The adhesion of the British Federation was gratifying to the anarchists for two reasons. First, because the decisions of Marx’s erstwhile friends seemed to confirm the charge that Marx had “dictatorial ways,” an undue “love of power,” a “penchant for intrigues,” and so on; secondly, the British Federation, while throwing in its lot with the anarchist International, expressly declared that on the question of the political action of the proletariat, it adhered to its original view, and the anarchists, while appearing broad-minded and tolerant, were able to defer until an opportune moment laying all their cards on the table. By admitting into their International persons who recognised the need for political action, the anarchists seemed to give a guarantee that their breaking away from the International had not been due to theoretical differences, but to a difference of conception concerning methods of organisation; and that, in the actual circumstances of the dispute, it was a protest against the alleged dictatorship of the General Council and an endeavour to set up national and local autonomous federations. The leaders of the anarchist International for some time endeavoured to carry on their activities along these lines; but soon it became apparent that the accord between such irreconcilable elements was a very superficial one, and was lacking in any basic solidarity of purpose.
The Dutch Federation of the International soon followed the Belgian example. Its decision was influenced by the doings of the General Council in New York. The latter, having learned of the resolution adopted by the Saint-Imier Congress which rejected the decisions of the Hague Congress, suggested that the Jura workers should alter the offending resolution, and added that the alteration should be agreed to within forty days. Pending the expiry of the term of grace, the General Council at its meeting of January 5, 1873, passed a resolution ordering a temporary stoppage of the activities of the Jura Federation. In answer to this resolution (the logical outcome of a strict interpretation of the fundamental rules of the International), the Belgian, Dutch, Spanish, and Italian federations declared that they no longer recognised the authority of the General Council, but, as heretofore, supported the Jura Federation, with which they pronounced themselves to be in whole-hearted agreement. Then the General Council declared that the sections which refused to accept the decisions of the Hague Congress were, by this fact alone, excluded from the International Workingmen’s Association. In such wise was the decisive split brought about; and the once united International, which, in its prime, had played so mighty a part, and to whose call both workers and governments had paid heed, was cut in twain. Henceforward the section representing the old International exercised no influence, and it speedily fell into complete decay.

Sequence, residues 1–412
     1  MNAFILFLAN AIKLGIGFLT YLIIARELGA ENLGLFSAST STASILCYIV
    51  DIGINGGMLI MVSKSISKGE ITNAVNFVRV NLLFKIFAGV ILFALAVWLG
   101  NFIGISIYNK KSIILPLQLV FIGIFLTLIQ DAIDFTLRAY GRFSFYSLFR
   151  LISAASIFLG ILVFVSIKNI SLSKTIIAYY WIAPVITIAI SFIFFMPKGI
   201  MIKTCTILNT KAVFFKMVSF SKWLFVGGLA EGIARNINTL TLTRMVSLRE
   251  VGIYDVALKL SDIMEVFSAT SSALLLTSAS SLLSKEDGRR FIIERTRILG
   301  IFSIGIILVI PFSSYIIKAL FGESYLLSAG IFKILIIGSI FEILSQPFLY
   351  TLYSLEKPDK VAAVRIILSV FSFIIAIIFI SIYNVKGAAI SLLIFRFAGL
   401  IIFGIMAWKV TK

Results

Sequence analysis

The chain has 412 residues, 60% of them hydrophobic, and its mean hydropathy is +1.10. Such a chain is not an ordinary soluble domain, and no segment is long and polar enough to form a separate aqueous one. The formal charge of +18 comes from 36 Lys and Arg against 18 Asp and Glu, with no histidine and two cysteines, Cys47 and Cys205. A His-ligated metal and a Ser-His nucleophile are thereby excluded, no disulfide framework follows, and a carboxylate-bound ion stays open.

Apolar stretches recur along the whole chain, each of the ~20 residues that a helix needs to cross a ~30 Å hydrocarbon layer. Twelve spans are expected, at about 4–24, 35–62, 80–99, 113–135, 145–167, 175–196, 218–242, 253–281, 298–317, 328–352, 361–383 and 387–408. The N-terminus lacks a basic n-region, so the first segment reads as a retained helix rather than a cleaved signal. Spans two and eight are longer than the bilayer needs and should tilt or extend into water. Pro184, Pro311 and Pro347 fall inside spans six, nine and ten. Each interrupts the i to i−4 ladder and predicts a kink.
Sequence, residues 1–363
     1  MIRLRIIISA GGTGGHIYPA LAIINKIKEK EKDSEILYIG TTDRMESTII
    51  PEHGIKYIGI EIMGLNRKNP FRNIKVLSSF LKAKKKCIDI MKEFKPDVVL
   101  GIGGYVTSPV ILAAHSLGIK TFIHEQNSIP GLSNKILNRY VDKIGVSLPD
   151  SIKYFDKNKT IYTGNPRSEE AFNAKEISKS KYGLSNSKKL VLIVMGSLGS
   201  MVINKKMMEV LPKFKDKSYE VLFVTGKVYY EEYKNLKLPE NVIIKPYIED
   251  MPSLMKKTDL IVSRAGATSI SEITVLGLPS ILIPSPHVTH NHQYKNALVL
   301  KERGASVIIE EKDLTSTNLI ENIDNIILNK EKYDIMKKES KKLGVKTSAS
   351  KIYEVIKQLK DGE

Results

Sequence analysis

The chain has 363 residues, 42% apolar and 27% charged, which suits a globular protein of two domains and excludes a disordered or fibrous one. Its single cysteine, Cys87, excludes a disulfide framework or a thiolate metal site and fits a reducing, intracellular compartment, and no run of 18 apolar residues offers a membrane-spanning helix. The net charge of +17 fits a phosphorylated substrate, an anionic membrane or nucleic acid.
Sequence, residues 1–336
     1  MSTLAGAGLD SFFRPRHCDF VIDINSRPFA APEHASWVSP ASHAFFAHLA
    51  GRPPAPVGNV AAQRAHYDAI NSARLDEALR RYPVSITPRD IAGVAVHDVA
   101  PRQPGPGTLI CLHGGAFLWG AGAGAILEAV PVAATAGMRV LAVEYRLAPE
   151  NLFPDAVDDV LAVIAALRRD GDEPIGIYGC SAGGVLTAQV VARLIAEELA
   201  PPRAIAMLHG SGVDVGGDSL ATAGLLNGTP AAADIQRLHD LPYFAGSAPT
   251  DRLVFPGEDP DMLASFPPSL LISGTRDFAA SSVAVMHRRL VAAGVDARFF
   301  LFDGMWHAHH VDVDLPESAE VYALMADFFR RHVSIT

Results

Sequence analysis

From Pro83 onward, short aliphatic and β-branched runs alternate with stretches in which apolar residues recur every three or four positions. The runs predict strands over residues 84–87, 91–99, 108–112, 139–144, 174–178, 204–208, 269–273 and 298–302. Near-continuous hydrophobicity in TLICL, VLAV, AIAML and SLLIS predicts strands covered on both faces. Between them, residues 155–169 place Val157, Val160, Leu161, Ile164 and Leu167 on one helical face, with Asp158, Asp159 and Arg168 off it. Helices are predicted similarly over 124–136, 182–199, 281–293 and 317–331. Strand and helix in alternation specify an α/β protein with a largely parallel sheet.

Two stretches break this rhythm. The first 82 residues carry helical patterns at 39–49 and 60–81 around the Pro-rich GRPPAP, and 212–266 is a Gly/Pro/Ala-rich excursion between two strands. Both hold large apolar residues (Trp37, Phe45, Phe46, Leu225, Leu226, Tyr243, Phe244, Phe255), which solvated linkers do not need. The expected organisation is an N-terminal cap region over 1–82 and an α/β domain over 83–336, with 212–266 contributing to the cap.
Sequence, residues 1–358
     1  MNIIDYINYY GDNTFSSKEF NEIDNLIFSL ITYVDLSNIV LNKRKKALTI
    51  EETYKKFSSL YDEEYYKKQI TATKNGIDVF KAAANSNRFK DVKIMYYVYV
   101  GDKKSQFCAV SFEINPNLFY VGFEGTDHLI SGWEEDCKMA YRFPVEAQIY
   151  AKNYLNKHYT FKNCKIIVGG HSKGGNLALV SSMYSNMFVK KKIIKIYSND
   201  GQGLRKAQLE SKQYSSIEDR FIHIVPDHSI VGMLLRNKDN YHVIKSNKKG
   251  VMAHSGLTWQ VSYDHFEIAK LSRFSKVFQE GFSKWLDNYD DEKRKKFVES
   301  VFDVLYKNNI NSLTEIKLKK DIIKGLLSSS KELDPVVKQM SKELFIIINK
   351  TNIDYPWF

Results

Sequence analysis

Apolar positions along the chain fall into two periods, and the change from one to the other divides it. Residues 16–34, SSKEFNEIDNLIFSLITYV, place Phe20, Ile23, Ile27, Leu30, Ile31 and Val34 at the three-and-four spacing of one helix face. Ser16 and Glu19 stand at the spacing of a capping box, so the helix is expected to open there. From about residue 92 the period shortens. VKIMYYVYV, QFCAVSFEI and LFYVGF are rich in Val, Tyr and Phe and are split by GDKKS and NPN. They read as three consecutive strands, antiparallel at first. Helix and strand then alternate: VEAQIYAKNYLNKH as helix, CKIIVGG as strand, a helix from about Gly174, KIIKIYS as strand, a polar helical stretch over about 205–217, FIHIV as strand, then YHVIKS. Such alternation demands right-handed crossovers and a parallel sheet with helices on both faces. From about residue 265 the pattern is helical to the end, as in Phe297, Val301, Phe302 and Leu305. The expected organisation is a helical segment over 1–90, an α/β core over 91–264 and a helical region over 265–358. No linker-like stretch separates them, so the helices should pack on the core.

On the other hand, the anarchist International continued in existence, and displayed far more energy than the Marxist International. Nearly all the federations of the old International rallied to the new body, which, doing its utmost to defy the reactionary forces of these years that followed the fall of the Commune of Paris, endeavoured to protract its inevitable decline, nourishing itself upon the vestiges of power and influence attaching to the old International Workingmen’s Association. The Marxists did not devote any special energy to the maintenance and development of the International, for, as political realists, they quickly came to recognise that the old organisation had played its part, and must now make way for the new form of activity. They understood that the period of doctrinal propaganda, the period devoted to the hammering out of the fundamental elements of socialist theory, was over and done with. The next task must be the building of the foundations of the future International, that is to say, the creation of national workers’ parties. Moreover, in proportion as the anarchists came to the same conclusion, they were continually breaking away from the Bakuninist International and taking up social democratic work within a national orbit, thus paving the way for the actual reconstruction of the international unity of the proletariat.